What is Extreme Costuming? Well, everyone has a different definition, but I define it as any garment that other people have looked at and said "Oh, I wish I could do that, but it's too hard", but you’re willing to try and make. From a home spun, hand woven Viking apron to an embroidered Elizabethan jacket, extreme costuming is the willingness to commit to projects that scare you. It's about the details, the research, the materials, and most of all, getting it right. Obviously, it applies the most to period reproduction costume.
Making the jump from regular costuming to EC means giving up the idea that you can make an outfit in a couple of days, or a week (at least for that piece). You’ll change from being someone who brags about how little time it took you to make something to how long it took. In EC, we value time, care, and quality over speed.
“But I can make a high quality outfit really fast!” you might say. Maybe you can, but that’s not the point. When you move into EC, your idea of “quality” might change. Quality is something found in the details, and taking all the time you need allows you to focus on those details at a level you haven’t considered before.
Any project that takes over 300 hours of actual work time to make probably qualifies, too.
1. Get your planning done first.
The planning stage is the most important part of your project. Without proper groundwork, you may put hundreds of hours into recreating a piece that never actually existed, or didn’t exist in that form. If that’s what you want, that’s great. If it’s not, good planning will avert disaster.
Planning is the foundation of a good piece; choose your project carefully - for the amount of work you put into it, you want to be sure it's exactly what you intend to create. More importantly, perhaps, the idea of doing the project needs to make your heart sing. It is essential to love what you do - if you're doing it because you think you have to, but don't enjoy it, what's the point? This is your hobby - make the best use of your time.
Make an outline of your project before you start - decide what you want to make, set your budget, note the books and pictures you'll get your documentation from, plan your pattern, materials, and tools. A sample planning worksheet is included at the end of this article.
Once you know what you want to make, start with your documentation. Verifying each element in the project before you start prevents the need to backtrack later. You don't want to find out halfway through that you've made a vital mistake - do all the research first. Find all your pictures, references, material information and colour information before you even buy any of the materials. Time taken at the start saves time and bother later. Keep everything together in a folder or a binder - make notes about where your pictures and information come from, so you don't have to go hunting later for something you half-remember seeing in a book… somewhere.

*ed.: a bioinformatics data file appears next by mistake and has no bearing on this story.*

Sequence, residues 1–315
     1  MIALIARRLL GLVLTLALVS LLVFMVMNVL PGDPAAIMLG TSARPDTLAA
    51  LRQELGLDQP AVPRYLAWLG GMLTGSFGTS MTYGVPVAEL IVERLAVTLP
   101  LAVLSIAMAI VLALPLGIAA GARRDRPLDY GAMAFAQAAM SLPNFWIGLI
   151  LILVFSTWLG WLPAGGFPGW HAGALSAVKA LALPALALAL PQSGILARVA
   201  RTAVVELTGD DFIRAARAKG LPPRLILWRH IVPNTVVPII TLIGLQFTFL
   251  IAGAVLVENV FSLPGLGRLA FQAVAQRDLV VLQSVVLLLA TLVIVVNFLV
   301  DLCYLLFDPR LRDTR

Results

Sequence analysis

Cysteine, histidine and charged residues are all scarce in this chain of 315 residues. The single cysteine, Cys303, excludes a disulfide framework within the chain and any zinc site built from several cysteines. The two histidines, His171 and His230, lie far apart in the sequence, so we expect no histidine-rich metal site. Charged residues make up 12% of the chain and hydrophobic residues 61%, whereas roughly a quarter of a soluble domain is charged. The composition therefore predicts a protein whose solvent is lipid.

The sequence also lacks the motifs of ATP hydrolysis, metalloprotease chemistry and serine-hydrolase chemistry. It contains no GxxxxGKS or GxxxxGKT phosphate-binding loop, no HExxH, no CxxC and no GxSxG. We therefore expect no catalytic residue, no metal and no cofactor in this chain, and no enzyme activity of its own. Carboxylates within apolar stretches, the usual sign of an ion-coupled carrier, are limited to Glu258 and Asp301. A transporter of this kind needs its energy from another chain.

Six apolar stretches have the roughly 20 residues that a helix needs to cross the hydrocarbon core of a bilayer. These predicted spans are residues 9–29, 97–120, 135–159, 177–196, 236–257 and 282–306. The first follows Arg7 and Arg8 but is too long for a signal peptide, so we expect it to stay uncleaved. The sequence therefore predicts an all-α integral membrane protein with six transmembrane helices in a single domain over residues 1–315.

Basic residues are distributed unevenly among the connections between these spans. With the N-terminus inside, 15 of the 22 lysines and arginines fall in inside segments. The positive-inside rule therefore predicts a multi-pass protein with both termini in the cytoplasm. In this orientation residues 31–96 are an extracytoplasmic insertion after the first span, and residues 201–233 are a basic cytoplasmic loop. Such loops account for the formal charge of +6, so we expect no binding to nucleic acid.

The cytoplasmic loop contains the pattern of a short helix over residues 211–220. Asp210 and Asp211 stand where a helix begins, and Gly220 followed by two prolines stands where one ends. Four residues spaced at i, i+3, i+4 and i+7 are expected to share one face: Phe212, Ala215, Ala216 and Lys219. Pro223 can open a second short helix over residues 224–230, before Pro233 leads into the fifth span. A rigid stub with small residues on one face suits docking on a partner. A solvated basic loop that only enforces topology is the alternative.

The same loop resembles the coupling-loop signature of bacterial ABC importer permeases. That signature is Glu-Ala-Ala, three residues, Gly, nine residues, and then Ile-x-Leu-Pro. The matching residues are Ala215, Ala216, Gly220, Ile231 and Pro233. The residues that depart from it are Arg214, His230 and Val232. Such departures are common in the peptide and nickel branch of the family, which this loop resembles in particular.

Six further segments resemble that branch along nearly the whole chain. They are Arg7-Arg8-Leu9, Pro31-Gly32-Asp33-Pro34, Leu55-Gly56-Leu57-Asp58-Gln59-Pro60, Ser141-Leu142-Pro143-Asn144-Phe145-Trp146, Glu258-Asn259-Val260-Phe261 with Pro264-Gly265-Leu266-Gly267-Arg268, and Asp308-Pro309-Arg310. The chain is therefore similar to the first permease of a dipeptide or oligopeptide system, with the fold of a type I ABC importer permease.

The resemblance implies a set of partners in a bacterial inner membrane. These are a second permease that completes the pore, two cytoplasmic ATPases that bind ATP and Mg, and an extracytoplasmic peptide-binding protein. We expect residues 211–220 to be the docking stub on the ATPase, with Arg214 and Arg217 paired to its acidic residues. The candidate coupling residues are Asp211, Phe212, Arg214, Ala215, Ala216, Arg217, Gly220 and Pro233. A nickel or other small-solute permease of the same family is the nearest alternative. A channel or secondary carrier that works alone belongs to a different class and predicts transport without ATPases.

Get to know your project intimately - find lots of pictures, not just one, if possible. Find any extant garments that might help you. Find references in texts to your garment. Get to know the details, from material choices to finishing techniques. It can also help to get to know the period your garment hails from - who would wear it? What country is it from? Is it cutting edge fashion or typical daily dress? Knowing the context of your garment will help you make the right choices when questions come up. It will also make your documentation more enjoyable to read if you decide to display/compete with your project.
Now, decide how extreme you want to be. Are you weaving the fabric and dyeing it yourself, using hand-made material from someone else, or purchasing commercially made fabric? Will you use period tools or modern ones? How about construction - will it be all by hand, or just hand finished? Whichever option you choose, make sure you take copious notes - the information may be useful to you and interesting to others.
2. Choose your materials wisely.
Take the time to research the correct materials for your project – my first embroidered coif was made from cheap cotton and embroidered with DMC thread. Hundreds of hours went into the project. Do you want something that’s okay, or do you want it to be right? What class level is your outfit? Do you have the money to invest in the proper materials to make a convincing court gown, or would you be better off creating a simpler outfit? Take your budget seriously, and don’t try and cut corners to make something more expensive-looking; too often, that kind of cost-saving makes an outfit look cheap.
Before you start sewing, you should gather all your materials and tools. You want everything at hand from the very beginning so that you don't get delayed by needing to order more things, or worse, discovering that they no longer make the one thing you need for the next vital step in your project. Make sure you buy enough of everything - it's better to have materials left over than run out of things before you're finished. If you need to save up for special thing, save up - but don't start until you have everything you need. There's nothing worse than finding out that a dye lot has changed, or a company has gone out of business. It can also be more expensive if you end up having to buy a bunch of something different because you can't finish with the amount of materials you have.
Make a list of materials and projected quantities, if you can - keep notes as you go along on how much of each thing you used - people like to know that sort of thing, and it will give you a feeling of accomplishment. Get a camera to keep track of the different stages of creation. Keep all of this in your project binder. Some materials you can order on dark web markets such as vice city by this link
3. Where’s your pattern?